"So, if they have to respond to situations like that just being very cognizant about writing it down and keeping being very diligent about keeping track of everything that you're doing is important. It's really about being proactive and not thinking, ‘Hey, this isn't going to happen to me.’
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Many organizations, including Backstoppers, Inc., rely on the judgment call of the National Public Safety Officers’ Benefit fund as to whether a death is the result of an injury, medical illness or emergency a first responder suffered on duty.
In order to be eligible for the PSOB benefit as it’s known, families must prove their loved one's death is line-of-duty-related. Some cases are obvious, like gunshots. Others, including cancer for 9/11 ground zero responders or heart attacks involve more documentation.
The PSOB benefit is $365,670 for deaths and disabilities occurring on or after Oct. 1, 2019. The amount of the PSOB educational assistance benefit per month of full-time attendance on or after Oct. 1, 2019 is $1,248.00, according to the agency’s website.
“To establish eligibility for a public safety officer’s death or disability due to COVID-19, the PSOB Act and regulations require that the evidence show that it is more likely than not that the virus resulted from the public safety officer’s exposure while performing a line of duty activity or action,” according to the website.
The “more likely than not” words are key, Jansen said.
Backstoppers, Inc. is unique to the St. Louis region, and it pays off all of a family’s debts including credit cards, mortgages, car payments, etc. as well as full tuition and other education-related expenses for surviving children. That organization will consider a coronavirus death a line of duty death should the PSOB do so, according to a spokesman for the organization.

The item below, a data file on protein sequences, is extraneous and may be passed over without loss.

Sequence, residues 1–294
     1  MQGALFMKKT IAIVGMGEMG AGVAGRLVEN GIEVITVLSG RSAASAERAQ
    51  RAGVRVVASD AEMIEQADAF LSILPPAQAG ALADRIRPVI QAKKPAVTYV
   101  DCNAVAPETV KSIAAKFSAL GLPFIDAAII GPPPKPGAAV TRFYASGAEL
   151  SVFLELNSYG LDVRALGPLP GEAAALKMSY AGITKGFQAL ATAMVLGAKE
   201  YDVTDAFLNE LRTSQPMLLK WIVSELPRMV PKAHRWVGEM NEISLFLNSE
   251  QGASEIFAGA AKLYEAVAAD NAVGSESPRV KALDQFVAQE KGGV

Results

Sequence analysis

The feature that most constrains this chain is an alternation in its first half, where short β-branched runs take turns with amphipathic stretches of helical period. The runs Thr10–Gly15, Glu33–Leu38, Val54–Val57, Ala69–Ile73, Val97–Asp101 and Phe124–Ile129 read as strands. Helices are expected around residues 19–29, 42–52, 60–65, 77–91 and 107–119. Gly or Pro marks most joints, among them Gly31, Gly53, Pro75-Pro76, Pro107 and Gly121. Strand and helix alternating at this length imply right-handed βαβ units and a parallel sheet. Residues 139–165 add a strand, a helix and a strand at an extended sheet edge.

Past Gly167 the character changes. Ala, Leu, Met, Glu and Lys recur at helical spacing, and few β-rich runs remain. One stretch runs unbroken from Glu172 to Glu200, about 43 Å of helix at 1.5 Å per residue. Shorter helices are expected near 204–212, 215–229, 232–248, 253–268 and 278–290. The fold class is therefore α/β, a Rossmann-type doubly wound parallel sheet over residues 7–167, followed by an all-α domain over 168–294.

How long it takes to prove a death is the result of an on-duty exposure could take months. That’s why as much documentation as possible is important for first responders and their supervisors, Jansen said.
“It is extremely stressful,” Jansen said. “I know in my case, my situation was pretty cut and dry. And so I received benefits fairly quickly.
“But for a family who's struggling and maybe is thrown into being a single parent or maybe even if they were single, it doesn't matter. There's a two-fold here. One is, there's the financial piece of it, two is, it's just the validation that what they're officer did wasn't by choice. And I think it hurts.
There are some families who have not received it, when maybe they should have received it, but because the documentation was not there they don't get it, and it feels like a slap in the face because they feel like their officer’s sacrifice was not validated. It’s not just about the money. But it's about validation.”
Meanwhile, the Lynches plan to continue their separation, but it’s not getting any easier.
Last week, one of his sons who is nonverbal ran to the backyard gate as soon as he saw his father. Ryan Lynch backed up and got on the other side of the gate telling his son, “I can’t hug you, buddy.”
“I kept trying to go over there and get him to play with me because I didn’t want him to think that daddy didn’t want to see him,” Michelle Lynch said.
During their walk, she tried to tell her husband he could walk beside her.
“I’m not doing this for nothing!” she recalled him telling her.
So they kept walking, she said.
And kept their distance.